Montana Public Radio

Environmental Protection Agency

Uptown Butte, MT.
Mike Albans / Montana Public Radio

This season on Richest Hill you’ve been hearing all about what mining meant for Butte, the toxic legacy it left behind, and about sprawling efforts to clean it up that have spanned more than 30 years.

And this week, something big is gonna happen.

EPA Region 8 toxicologist Charlie Partridge (R) told Butte's Board of Health during a Feb. 5, 2020 meeting that the federal agency does not think the results of a study on metals in baby poop show a public health emergency in Butte.
Nora Saks / Montana Public Radio

There’s an ongoing debate in Butte about public health and exposure to heavy metals in the environment from historic and current mining operations. The most recent controversy flared up this week between scientists and the Environmental Protection Agency, over the contents of dirty diapers.

Libby Superfund map.
US Environmental Protection Agency

The Environmental Protection Agency says another Libby Asbestos Superfund Site unit is ready to be delisted. The public has 30 days to comment on delisting the former vermiculite export plant.

Close to 100 rural Montanans are taking on one of the largest corporations in the world Tuesday before the U.S. Supreme Court.

Residents of Opportunity and Crackerville, Mont., say the Atlantic Richfield Co. — owned by BP — needs to go beyond what federal Superfund law requires and clean up arsenic pollution left over from a century of mining.

Uptown Butte, MT.
Mike Albans / Montana Public Radio

Federal officials Thursday revealed more specifics about the timeline and process surrounding the final deal for Butte’s Superfund cleanup, although some details are still murky.

In mid-October, the parties in charge of the cleanup announced they had reached agreement on a final, legally binding deal, marking a turning point in the Mining City’s three-decades-long Superfund saga.

The town of Libby.
courtesy

The U.S. Environmental Protection Agency (EPA) took another step this week toward transferring oversight of the Libby Asbestos Superfund Site to the state. EPA released the first of two plans outlining how the state will mitigate the spread of any remaining contamination in Libby and Troy.

Mine headframes in uptown Butte, MT.
Josh Burnham

This week, the parties in charge of the Superfund cleanup of the Butte Hill and urban creek corridors agreed on a final cleanup deal, marking a turning point in the Mining City’s decades long Superfund saga.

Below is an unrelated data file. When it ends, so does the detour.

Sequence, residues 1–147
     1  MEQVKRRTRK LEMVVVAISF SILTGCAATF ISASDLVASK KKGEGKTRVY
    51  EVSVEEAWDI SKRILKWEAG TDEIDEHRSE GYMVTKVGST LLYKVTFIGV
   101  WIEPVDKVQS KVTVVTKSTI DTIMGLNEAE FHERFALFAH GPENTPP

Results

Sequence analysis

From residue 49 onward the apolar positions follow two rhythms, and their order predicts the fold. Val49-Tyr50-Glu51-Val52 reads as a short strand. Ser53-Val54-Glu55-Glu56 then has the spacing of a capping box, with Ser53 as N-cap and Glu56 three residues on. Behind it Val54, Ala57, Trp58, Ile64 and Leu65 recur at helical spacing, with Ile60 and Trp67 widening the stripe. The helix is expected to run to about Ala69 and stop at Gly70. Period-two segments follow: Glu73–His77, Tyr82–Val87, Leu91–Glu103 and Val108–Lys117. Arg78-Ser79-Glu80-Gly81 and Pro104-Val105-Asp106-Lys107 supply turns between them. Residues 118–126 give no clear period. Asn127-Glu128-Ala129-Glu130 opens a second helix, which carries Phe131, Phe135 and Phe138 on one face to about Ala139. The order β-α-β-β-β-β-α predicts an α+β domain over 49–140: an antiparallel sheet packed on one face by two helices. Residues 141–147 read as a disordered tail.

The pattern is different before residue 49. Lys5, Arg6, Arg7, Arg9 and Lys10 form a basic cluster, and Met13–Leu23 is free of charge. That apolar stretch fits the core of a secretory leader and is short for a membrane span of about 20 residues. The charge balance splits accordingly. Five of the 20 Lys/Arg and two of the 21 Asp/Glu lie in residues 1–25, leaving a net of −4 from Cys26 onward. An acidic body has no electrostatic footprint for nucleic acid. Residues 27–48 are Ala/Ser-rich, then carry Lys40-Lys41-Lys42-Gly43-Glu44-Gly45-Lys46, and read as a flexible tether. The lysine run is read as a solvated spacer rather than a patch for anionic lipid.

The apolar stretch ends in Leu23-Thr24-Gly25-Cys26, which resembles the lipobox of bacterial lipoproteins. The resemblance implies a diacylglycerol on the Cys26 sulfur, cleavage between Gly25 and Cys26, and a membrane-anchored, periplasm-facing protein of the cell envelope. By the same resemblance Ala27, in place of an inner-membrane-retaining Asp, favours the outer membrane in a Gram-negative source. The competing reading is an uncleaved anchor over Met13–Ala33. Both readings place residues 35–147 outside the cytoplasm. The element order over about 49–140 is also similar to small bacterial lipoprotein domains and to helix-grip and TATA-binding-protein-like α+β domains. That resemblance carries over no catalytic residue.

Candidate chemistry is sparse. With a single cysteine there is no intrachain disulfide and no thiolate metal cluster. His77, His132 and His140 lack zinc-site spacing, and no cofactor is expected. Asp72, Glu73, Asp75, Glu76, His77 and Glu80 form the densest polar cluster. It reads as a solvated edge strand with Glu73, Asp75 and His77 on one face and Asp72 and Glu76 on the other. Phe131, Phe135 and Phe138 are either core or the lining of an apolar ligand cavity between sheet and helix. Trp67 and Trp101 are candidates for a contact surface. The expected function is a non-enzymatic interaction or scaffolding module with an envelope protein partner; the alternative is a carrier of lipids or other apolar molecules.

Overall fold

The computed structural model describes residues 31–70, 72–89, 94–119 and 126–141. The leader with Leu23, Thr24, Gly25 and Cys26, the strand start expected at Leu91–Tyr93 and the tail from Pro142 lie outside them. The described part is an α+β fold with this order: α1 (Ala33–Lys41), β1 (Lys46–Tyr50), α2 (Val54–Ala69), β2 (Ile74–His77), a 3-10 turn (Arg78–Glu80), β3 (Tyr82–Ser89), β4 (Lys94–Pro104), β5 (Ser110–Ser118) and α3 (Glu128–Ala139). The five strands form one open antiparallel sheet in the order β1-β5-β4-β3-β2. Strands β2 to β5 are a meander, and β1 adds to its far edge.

This culvert and forebay pictured on May 28, 2019 are part of Butte's stormwater capture and treatment system, which will be expanded and completed in the  Superfund cleanup plan.
Nora Saks / Montana Public Radio

Montana’s Mining City inches closer and closer to having a final Superfund deal for the cleanup of the Butte Hill and urban creek corridors, but the ink still isn’t quite dry.

Friday was the latest deadline for when the parties in charge of Butte’s Superfund cleanup were supposed to finish hammering out the last details of the legally binding deal. But they’re not going to meet it.

Treated water originating from the Berkeley Pit is discharged into Silver Bow Creek via a 24 inch buried pipe behind these rocks and manhole, Sept. 30, 2019.
Nora Saks / Montana Public Radio

This week, for the first time ever, once toxic water from the Berkeley Pit, the abandoned open pit copper mine in Butte, is being treated and released into the headwaters of the Clark Fork River.

About 50 people attended EPA's Superfund meeting at the Anaconda senior center to learn about the agency's proposed updates to the surface water remedy for the Anaconda Regional Waste, Water, and Soils Operable Unit. September 17, 2019.
Nora Saks / Montana Public Radio

The Environmental Protection Agency is rolling out an updated plan to protect Anaconda’s creeks from copper smelter waste. But some locals this week said they’re worried the federal government may back away from Montana’s strict water quality standards for heavy metals.

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